Crime & Punishment
The controversial and often debated issues of faith, responsibility and conscience are at the forefront of Trinity Repertory Company's gripping, powerful and startlingly original, albeit bizarre production of "Crime and Punishment," Fyodor Dostoyevsky's epic novel about a man's inability to escape the internal and external consequences of his actions.
The combined talents of Artistic Director Curt Columbus and Marilyn Campbell, who together adapted the classic behemoth of Russian literature into a 90-minute psychological drama, with director Brian Mertes' unconventional yet purposeful vision and Eugene Lee's cluttered, elaborate set design, as well as three unforgettable performances, make for a compelling docudrama-like event that presents memory sequences of eyewitness testimony and reenactments of transpired events in a performance artist's setting, heavily influenced by audio and visual media.
An astounding Stephen Thorne portrays Raskolnikov, the story's damaged protagonist who commits murder in an effort to "correct nature." After having repeatedly pawned his possessions to an unpleasant old woman, the poverty-stricken Raskolnikov convinces himself that her money would do him -- and ultimately, the universe -- better, so he decides to make things right, courtesy of an axe. Unfortunately for him, the woman's sister witnesses the deadly crime and in turn meets the same fate.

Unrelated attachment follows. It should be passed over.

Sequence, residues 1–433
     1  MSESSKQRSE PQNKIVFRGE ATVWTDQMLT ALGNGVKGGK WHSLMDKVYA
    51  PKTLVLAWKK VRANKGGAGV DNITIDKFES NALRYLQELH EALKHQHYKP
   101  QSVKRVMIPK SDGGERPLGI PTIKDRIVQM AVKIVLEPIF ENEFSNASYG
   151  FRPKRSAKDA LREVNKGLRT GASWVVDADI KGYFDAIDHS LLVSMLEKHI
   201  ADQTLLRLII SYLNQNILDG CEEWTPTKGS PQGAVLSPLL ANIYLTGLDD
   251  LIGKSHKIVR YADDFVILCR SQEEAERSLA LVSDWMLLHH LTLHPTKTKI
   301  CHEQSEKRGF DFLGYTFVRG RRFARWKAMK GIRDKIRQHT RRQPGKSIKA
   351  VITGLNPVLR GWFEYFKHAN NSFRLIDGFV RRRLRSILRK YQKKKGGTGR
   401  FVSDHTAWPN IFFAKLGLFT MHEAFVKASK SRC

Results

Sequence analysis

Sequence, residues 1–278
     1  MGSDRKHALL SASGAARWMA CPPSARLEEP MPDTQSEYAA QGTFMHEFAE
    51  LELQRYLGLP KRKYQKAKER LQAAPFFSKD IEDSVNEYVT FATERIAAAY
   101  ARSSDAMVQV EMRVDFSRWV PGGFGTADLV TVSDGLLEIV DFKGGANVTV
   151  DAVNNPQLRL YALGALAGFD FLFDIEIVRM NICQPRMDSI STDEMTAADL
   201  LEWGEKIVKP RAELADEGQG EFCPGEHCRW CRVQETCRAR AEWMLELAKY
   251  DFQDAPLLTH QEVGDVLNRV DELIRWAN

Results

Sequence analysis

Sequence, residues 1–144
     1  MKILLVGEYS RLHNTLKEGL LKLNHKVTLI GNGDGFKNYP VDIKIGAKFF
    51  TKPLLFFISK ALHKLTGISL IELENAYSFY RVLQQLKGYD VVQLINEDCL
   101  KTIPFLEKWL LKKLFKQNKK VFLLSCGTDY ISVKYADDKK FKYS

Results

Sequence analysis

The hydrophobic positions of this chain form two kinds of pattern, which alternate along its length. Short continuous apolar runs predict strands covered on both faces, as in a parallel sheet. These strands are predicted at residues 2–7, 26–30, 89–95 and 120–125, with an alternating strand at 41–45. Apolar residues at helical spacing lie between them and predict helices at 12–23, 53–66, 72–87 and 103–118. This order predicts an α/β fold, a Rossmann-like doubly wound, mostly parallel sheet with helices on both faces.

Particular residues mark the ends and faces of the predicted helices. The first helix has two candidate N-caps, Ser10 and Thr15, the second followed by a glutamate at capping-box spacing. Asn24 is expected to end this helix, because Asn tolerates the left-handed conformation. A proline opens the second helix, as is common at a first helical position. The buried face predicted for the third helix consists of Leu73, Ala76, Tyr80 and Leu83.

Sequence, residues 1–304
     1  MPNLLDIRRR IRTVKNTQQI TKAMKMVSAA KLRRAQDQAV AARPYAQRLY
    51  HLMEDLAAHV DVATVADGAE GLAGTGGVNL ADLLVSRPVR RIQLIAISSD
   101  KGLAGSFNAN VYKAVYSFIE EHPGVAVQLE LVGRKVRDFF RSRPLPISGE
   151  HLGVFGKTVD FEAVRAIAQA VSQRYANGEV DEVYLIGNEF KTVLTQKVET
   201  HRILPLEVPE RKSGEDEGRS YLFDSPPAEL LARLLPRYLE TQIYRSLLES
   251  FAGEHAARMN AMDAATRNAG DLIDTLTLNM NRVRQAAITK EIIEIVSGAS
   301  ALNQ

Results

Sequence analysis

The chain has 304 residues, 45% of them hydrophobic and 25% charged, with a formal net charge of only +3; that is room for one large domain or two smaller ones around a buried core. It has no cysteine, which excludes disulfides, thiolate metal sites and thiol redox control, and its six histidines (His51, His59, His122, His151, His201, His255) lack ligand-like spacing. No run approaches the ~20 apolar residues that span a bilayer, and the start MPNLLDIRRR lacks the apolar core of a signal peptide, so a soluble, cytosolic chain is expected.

Both the intended victim and the innocent bystander are played with ferocity by Rachel Christopher, who also portrays Sonia, a kind-hearted prostitute and Raskolnikov's only friend. Thorne and Christopher are joined on stage by Dan Butler, making a triumphant return to the Trinity stage after more than two decades, as Porfiry, the steadfast inspector determined to eke a confession out of the guilt-wracked Raskolnikov.
The ability of these three actors to master the intricate dialogue, transform into other characters and actively participate in the oddly erratic stage activity -- including cooked bacon, microwaved popcorn, invasive camera close-ups and haunting music from an electronic keyboard -- is nothing short of remarkable and further testament to their talent and the director's creativity.
A grindstone, a life-sized crucifix, and an encyclopedia stack are but a few examples of the random items cluttered throughout the room, adjacent to an area mostly blocked from vision by worn, clouded windows. Much like inside his own mind, Raskolnikov finds himself hopelessly trapped in this crowded mess.
Some of the pointed references in the script are worthy of mention and further discussion, including Lazarus and Napoleon, and additional selections from the content are a bit dry, but regardless, it's impossible to turn your attention away from the stage. Whether or not you're familiar with the novel or its outcome, this intense production will leave you visually, intellectually and philosophically sated.
"Crime and Punishment" continues through Feb. 24 at Trinity Repertory Company, 201 Washington Street, Providence. For info or tickets, call 401-351-4242 or visit Trinity Repertory Company's website.